Estimates suggest that ~100 million ha of tropical forest was lost between 1980 and 2012 and that ~20% of the tropical forests were selectively logged in the 5 year period between 2000 and 2005. These changes are ultimately driven by increasing human population size and consumption and it is estimates that between 1.2 and 1.5 billion people rely on tropical forests for food, timber, medicine, and ecosystem services. One estimate suggests that approximately 1 billion ha of additional land - an area larger than Canada - primarily in developing countries, will need to be converted to agriculture by 2050 to meet the demands of the growing human population.
This is a situation that cannot persist if a world that I would like to envision will exist, so it is my belief that we must each play our part and try to set things on the "right path". Through my role as faculty at McGill University, Honorary lecturer at Makerere University, and as a Research Associate of the Wildlife Conservation Society, I am actively involved in a number of conservation efforts. Some of these efforts are academic in nature and are designed to provide managers, particularly the Ugandan Wildlife Authority, with the information needed to construct informed conservation plans, while others involve training or are strictly applied. Activities we are currently engaged in include:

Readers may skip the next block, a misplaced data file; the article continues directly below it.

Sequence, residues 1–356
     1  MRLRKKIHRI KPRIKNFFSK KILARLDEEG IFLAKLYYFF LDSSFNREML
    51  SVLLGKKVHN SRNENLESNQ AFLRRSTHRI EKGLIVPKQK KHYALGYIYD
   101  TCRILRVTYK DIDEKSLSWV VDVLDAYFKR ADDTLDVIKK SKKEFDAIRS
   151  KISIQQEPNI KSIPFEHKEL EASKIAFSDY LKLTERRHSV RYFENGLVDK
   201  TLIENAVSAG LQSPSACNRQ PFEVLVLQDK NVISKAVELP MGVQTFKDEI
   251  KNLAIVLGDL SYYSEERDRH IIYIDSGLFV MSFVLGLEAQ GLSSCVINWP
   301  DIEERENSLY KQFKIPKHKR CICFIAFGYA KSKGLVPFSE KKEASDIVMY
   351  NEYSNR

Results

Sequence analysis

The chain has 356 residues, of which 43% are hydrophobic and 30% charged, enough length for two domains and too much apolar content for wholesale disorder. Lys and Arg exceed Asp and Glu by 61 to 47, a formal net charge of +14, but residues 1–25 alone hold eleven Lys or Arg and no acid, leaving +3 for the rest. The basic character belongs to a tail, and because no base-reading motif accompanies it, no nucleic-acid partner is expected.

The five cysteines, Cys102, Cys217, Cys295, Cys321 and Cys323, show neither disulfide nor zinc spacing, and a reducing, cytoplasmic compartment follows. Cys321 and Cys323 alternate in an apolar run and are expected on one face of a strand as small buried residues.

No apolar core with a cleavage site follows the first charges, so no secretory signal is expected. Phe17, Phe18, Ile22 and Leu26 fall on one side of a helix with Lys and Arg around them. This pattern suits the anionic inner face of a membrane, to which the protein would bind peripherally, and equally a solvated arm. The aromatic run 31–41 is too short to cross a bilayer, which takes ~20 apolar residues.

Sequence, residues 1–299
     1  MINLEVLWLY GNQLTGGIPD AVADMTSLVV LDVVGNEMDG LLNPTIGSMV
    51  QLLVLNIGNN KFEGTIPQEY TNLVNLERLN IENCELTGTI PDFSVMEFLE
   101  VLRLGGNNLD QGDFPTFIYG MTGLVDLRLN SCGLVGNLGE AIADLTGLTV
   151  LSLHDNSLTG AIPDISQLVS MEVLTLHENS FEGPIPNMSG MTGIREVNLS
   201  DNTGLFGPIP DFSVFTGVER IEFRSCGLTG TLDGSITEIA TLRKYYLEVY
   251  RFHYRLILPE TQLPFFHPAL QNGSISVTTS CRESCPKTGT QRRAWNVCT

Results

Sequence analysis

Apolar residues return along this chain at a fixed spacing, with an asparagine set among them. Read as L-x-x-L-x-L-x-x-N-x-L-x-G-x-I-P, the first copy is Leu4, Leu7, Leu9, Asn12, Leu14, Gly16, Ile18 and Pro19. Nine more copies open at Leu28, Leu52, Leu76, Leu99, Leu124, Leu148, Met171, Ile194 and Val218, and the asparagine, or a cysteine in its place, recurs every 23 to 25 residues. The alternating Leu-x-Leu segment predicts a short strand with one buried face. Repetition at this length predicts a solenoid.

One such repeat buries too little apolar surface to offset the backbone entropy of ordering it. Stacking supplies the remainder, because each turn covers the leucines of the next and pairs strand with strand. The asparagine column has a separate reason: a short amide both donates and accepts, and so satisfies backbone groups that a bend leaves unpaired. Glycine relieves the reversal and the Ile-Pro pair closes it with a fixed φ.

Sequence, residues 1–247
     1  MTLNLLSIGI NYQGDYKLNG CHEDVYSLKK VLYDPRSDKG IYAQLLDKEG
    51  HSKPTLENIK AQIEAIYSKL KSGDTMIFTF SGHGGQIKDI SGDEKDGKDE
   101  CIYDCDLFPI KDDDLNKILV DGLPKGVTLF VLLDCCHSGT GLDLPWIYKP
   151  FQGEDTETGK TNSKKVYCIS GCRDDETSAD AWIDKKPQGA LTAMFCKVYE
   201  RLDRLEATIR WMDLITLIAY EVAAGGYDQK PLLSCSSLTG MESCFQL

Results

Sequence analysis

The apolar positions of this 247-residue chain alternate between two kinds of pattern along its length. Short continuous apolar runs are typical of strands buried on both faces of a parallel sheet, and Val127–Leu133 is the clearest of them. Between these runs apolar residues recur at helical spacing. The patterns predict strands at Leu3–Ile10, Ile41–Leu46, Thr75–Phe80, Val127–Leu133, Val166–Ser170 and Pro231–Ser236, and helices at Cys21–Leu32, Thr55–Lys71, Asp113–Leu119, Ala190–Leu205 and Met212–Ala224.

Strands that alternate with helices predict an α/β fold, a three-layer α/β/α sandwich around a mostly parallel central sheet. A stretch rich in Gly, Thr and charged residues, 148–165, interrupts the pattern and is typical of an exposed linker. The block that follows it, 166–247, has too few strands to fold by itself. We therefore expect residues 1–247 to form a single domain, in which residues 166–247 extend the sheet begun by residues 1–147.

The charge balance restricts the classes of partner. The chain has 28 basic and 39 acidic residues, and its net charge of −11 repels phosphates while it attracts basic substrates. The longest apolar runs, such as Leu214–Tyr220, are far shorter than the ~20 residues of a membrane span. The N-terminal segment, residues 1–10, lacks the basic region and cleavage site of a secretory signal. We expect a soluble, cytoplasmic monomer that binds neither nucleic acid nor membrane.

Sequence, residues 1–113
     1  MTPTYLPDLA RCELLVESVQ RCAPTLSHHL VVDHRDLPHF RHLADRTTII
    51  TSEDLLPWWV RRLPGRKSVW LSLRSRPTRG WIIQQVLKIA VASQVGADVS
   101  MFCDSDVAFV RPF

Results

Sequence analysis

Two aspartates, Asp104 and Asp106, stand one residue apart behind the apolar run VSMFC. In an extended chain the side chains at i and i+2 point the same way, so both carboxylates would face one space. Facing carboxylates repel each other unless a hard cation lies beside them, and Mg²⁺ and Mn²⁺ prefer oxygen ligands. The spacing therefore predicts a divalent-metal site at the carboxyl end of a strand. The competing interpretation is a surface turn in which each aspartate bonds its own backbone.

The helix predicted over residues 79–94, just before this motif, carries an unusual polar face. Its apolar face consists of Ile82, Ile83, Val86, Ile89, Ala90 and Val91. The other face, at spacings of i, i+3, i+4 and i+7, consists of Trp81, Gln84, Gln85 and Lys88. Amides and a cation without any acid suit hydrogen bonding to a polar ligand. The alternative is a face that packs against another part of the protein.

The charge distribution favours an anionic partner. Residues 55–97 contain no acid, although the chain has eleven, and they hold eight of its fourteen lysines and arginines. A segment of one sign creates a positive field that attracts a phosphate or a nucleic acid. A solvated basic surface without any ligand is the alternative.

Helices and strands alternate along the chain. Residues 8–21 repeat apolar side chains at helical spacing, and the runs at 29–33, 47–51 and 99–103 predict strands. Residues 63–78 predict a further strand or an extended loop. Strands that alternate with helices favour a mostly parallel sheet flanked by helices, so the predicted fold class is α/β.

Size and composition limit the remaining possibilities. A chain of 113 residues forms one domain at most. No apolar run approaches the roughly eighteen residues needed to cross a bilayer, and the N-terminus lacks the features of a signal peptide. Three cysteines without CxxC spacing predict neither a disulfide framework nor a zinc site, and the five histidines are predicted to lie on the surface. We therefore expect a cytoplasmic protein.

1 Continuing to promote a clinic and a mobile health clinic system for Kibale National Park, Uganda to provide basic health services and health and conservation education. This next year we will run a special program to provide 2000 bed nets to local people.
2 Training of Ugandan students in the needed tools, academic skills, and knowledge to address conservation issues in Uganda – I currently am supervising 4 students at Makerere University in Uganda.
3 Exploring tropical forest restoration to provide managers with the information to restore degraded tropical forests and the animal populations that they could support.
4 Working with media groups around the world to increase awareness about the conservation of tropical ecosystems.
5 Investigating the impact of animals, particularly primate and elephants, on long-term forest dynamics.